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Sugar tax alone not enough to combat obesity & NCDs
Author: Corporate Communication & Marketing / Korporatiewe Kommunikasie & Bemarking [Alec Basson]
Published: 06/12/2023

​​In April 2018, the South African government, in response to a recommendation of the World Health Organisation, introduced a tax on sugar-sweetened beverages (SSB) known as the Health Promotion Levy (HPL) in an attempt to reduce citizens' sugar intake and to curb obesity in the country.

However, the jury is still out on whether this sugar tax alone will be enough to combat obesity, which is regarded as one of the risk factors for non-communicable diseases (NCDs) such as heart disease, stroke, cancer and diabetes. Among the unconvinced are registered dietitians and key industry role-players (KIRs), according to a study by researchers from the Division of Human Nutrition and the Centre for Statistical Consultation at Stellenbosch University.

The researchers surveyed dietitians and KIRs on their awareness and opinions of the HPL, perceived SSB purchasing of consumers and the barriers or facilitators for the implementation of the HPL.

The findings of their study were published recently in the South African Journal of Clinical Nutrition.

The research findings indicated that dietitians and KIRs held the perception that the HPL is not adequate to have a sustainable impact on lowering NCDs and obesity.

“Dietitians and KIRs were positive about the HPL although the majority agreed that the implementation of a sugar tax alone will not make a difference because multiple factors contribute to NCDs and obesity. They believed the HPL of 11% was too little to have an impact on the purchasing behaviour of consumers.

“Dietitians did report a perceived decrease in the daily purchasing of SSBs by their clients in favour of mainly sugar-free beverages and water since the implementation of the HPL. Some dietitians were concerned that SSBs were substituted with other sugar-containing food items."

According to the researchers, this corresponds with other studies showing that nutrition interventions targeting specific foods or beverages may lead to adverse compensatory behaviour, such as increased consumption of alternative but similarly unhealthy foods and beverages.

The researchers add that while most KIRs agreed that the food industry understood the Government's rationale to implement the HPL, they also held the opinion that consumers were unaware of, nor understood the sugar taxation legislation.

“Consumers' lack of knowledge as well as their habitual purchasing of sugary drinks were regarded as key barriers to the successful implementation of the HPL."

Both dieticians and KIRs emphasised the importance of educating consumers about the sugar tax legislation, say the researchers. This was also regarded as a key factor to enhance the successful implementation of the HPL.

“Some dietitians confirmed using the HPL as a motivational tool to encourage reduced consumption of SSBs, while others taught their clients to read the nutritional information table with an emphasis on total sugar content and glycaemic carbohydrates, and how to understand endorsement logos."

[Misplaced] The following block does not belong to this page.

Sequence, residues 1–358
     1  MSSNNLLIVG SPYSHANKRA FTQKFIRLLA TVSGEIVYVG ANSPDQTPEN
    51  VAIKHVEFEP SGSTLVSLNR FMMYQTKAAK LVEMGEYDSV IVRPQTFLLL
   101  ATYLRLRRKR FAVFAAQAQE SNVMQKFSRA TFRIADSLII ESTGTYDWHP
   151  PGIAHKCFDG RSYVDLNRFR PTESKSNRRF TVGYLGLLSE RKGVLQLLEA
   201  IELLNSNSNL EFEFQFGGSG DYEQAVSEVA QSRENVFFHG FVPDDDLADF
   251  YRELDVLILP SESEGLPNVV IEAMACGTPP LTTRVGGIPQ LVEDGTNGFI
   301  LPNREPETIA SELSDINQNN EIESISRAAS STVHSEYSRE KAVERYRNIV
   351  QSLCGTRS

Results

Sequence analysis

The researchers point out that most dieticians and KIRs were unsure how the revenue generated through the HPL would be utilised.

“They held the opinion that the revenue should be earmarked for the treatment and prevention of NCDs and for health promotion to garner consumers' trust and facilitate change. However, they were sceptical and believed that the money would only benefit the Government."

The researchers say both groups were also concerned that the sugar tax could be regarded as intrusive by some consumers and as inappropriate by those who are not at risk of developing obesity or NCDs.

Going forward, the researchers call for integrated intervention strategies requiring multi-sectoral engagement to reduce the consumption of sugary drinks and to prevent obesity in the long run.

“The HPL should form part of a multi-pronged approach that includes fiscal measures, consumer education and controlled marketing of SSBs to create a supportive environment in which consumers make healthy choices, for instance the combination of education, effective food labelling and banning of marketing SSBs to children.

“Politicians, the SSB industry, consumers, trained dietitians and public health experts all have a part to play.

“Health professionals, in particular, play a crucial role in facilitating behaviour change and creating an enabling environment to support successful implementation of the sugar tax, especially if they use their expertise to influence policy-makers and the media."

The researchers say the findings from their study underscore the importance of an enabling environment that supports the availability and accessibility of healthy food choices in various settings as a vital cornerstone of the effectiveness of the HPL.

They add that more should be done to educate South Africans about the goal of the sugar tax and to create a supportive environment to improve their overall health and nutritional status.

  • ​Source: Yolande Smit, Zarina Ebrahim, Maritha Marais, Daan Nel & Nelene Koen (2023). Does sugar taxation on sugar-sweetened beverages alter purchasing behaviour of South African consumers? Perspectives of dietitians and key industry role-players. South African Journal of Clinical Nutrition 2023: 1–8: DOI: 10.1080/16070658.2023.2249246

​Photo by Doris Jungo from Pixabay